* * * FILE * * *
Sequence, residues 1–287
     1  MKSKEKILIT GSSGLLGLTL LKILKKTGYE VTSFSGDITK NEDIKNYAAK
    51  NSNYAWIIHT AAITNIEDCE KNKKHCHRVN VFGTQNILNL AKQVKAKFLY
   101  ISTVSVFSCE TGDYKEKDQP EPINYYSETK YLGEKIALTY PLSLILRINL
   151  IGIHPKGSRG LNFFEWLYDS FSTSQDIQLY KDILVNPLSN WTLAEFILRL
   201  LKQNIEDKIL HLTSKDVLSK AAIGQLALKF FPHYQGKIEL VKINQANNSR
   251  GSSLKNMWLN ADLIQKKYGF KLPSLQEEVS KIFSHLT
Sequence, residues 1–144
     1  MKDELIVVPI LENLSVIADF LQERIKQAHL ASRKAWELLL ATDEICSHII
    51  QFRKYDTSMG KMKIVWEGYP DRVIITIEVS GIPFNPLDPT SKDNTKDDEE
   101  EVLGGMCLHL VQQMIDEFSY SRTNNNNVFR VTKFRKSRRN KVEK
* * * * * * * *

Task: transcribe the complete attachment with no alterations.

Sequence, residues 1–287
     1  MKSKEKILIT GSSGLLGLTL LKILKKTGYE VTSFSGDITK NEDIKNYAAK
    51  NSNYAWIIHT AAITNIEDCE KNKKHCHRVN VFGTQNILNL AKQVKAKFLY
   101  ISTVSVFSCE TGDYKEKDQP EPINYYSETK YLGEKIALTY PLSLILRINL
   151  IGIHPKGSRG LNFFEWLYDS FSTSQDIQLY KDILVNPLSN WTLAEFILRL
   201  LKQNIEDKIL HLTSKDVLSK AAIGQLALKF FPHYQGKIEL VKINQANNSR
   251  GSSLKNMWLN ADLIQKKYGF KLPSLQEEVS KIFSHLT
Sequence, residues 1–144
     1  MKDELIVVPI LENLSVIADF LQERIKQAHL ASRKAWELLL ATDEICSHII
    51  QFRKYDTSMG KMKIVWEGYP DRVIITIEVS GIPFNPLDPT SKDNTKDDEE
   101  EVLGGMCLHL VQQMIDEFSY SRTNNNNVFR VTKFRKSRRN KVEK